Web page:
Paul made no bones about the fact that he had done tremendous damage to God’s people.
In fact, it was likely that during his ministry he would have encountered fellow believers in Jesus who bore the scars Paul inflicted on them in his previous life.
He may have even met those who lost loved ones at his hand.
God reaching unlikely people to be exhibit “A” of His power to change lives is nothing new.
But how do we know when someone has really been touched by God and is not just using faith as a way to avoid the consequences of their dark and shameful past?
How do we know if, for instance, Duch is a brother in Christ or a cleverly camouflaged monster?
The proof is in the fruit.
And although he has yet to speak at his tribunal, Duch made a telling statement to those who suffered at his hands.
Taken to the scene of his alleged crimes last year, he wept and told some of his former victims, “I ask for your forgiveness. I know that you cannot forgive me, but I ask you to leave me the hope that you might.”
Is the love of Jesus sufficient enough to reach, forgive and change a man like Kaing Guek Eav?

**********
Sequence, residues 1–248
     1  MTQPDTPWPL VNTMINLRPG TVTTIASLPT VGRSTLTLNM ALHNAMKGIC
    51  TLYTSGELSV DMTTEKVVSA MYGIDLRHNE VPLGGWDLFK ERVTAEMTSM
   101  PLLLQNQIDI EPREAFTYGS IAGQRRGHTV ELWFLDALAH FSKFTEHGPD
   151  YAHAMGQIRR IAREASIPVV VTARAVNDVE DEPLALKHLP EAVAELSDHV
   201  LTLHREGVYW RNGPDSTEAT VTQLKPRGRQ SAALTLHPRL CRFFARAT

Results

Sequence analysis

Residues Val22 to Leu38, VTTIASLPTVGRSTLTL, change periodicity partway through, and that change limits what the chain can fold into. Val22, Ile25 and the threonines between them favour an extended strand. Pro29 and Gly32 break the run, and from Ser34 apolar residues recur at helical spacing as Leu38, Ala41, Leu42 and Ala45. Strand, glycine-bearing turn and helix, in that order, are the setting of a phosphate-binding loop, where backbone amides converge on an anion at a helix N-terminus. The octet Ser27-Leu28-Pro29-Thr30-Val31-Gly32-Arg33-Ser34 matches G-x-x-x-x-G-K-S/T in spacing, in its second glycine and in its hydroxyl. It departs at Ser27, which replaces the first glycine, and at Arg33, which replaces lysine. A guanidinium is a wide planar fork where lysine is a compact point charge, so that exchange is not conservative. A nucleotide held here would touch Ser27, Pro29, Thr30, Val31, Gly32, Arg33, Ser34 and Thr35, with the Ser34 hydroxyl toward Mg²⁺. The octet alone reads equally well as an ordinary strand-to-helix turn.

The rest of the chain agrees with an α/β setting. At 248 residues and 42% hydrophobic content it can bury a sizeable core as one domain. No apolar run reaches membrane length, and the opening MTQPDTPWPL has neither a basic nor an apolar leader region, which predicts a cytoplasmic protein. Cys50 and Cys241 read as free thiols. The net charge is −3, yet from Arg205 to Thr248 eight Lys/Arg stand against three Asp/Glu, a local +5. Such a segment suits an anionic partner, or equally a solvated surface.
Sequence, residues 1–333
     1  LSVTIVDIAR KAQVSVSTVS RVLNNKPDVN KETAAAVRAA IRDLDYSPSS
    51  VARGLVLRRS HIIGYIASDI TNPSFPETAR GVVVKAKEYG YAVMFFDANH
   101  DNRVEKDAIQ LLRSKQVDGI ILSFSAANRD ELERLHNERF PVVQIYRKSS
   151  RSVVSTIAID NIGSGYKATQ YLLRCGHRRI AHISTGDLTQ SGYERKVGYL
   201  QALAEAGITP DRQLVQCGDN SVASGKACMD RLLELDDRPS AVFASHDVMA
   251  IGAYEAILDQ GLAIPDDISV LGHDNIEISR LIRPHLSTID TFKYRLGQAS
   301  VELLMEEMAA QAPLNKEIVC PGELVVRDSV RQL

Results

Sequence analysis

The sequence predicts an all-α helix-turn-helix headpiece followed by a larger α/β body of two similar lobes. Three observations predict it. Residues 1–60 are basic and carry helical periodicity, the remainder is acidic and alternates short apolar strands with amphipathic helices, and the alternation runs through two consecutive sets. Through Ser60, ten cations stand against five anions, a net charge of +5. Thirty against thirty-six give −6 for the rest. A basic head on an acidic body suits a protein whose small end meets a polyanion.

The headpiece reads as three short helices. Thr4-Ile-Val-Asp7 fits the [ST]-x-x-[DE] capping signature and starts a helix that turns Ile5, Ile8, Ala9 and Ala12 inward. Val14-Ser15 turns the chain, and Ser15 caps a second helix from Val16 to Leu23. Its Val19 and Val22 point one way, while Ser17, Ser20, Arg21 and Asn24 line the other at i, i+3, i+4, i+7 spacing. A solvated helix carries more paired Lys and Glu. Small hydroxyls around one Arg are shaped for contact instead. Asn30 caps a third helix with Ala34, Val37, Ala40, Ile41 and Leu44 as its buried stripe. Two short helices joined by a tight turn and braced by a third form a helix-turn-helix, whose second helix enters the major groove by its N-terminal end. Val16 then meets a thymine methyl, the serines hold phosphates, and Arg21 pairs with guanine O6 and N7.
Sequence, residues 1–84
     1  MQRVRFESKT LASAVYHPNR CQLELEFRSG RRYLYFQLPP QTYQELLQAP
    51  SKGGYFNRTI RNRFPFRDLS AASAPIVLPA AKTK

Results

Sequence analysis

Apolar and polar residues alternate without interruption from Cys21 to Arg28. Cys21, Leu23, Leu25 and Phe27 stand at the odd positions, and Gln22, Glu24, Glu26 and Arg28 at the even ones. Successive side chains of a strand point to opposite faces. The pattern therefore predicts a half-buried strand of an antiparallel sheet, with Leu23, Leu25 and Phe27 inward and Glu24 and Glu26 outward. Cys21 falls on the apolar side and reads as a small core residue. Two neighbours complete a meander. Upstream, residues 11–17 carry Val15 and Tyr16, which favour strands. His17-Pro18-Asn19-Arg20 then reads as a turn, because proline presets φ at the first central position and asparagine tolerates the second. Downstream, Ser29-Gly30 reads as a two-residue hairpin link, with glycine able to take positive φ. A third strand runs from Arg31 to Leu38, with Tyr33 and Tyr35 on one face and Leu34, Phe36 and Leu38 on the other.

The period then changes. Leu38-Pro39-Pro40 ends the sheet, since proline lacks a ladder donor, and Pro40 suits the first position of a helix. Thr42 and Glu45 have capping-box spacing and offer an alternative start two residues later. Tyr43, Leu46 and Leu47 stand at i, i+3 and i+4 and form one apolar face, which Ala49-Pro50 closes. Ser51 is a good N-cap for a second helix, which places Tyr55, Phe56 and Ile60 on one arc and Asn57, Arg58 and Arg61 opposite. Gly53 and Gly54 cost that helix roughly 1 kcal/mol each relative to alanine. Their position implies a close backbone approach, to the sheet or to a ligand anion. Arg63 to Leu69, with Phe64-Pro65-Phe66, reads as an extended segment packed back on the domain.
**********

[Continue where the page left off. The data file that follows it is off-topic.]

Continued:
And this is where the message of forgiveness in Jesus rubs the proud and self righteous the wrong way.
“So all it takes for a mass murderer to go to heaven is to be sorry and pray a little prayer? Well, if people like Kaing Guek Eav are going to be in your heaven, I wouldn’t want to go there!”
But here’s where we miss the point.
It’s not being sorry, crying a few tears or saying a little prayer that gets us to heaven.
It is the fact that Jesus was willing to die in our place on a cruel Roman cross that gets us to heaven.
He bore the punishment due us for all of our sins, big and small.
Because God knows that if we fall short of heaven by 6,000 miles or six inches we’ve still fallen short.
And so we need to know that Jesus didn’t die for the nice people who just needed a little help from the “man upstairs”.
He died for all of us, each and every one of us, when we were at our worst.
For when we were still without strength, in due time Christ died for the ungodly. For scarcely for a righteous man will one die; yet perhaps for a good man someone would even dare to die. But God demonstrates His own love toward us, in that while we were still sinners, Christ died for us. (Romans 5:6-8)
So there is hope for the Kaing Guek Eav’s of this world.
And if there is hope for a man like Duch, there is hope for all of us.
A man very much like Duch offers us this personal testimony.
This is a faithful saying and worthy of all acceptance, that Christ Jesus came into the world to save sinners, of whom I am chief. However, for this reason I obtained mercy, that in me first Jesus Christ might show all longsuffering, as a pattern to those who are going to believe on Him for everlasting life. Now to the King eternal, immortal, invisible, to God who alone is wise, be honor and glory forever and ever. Amen. (I Timothy 1:15-17)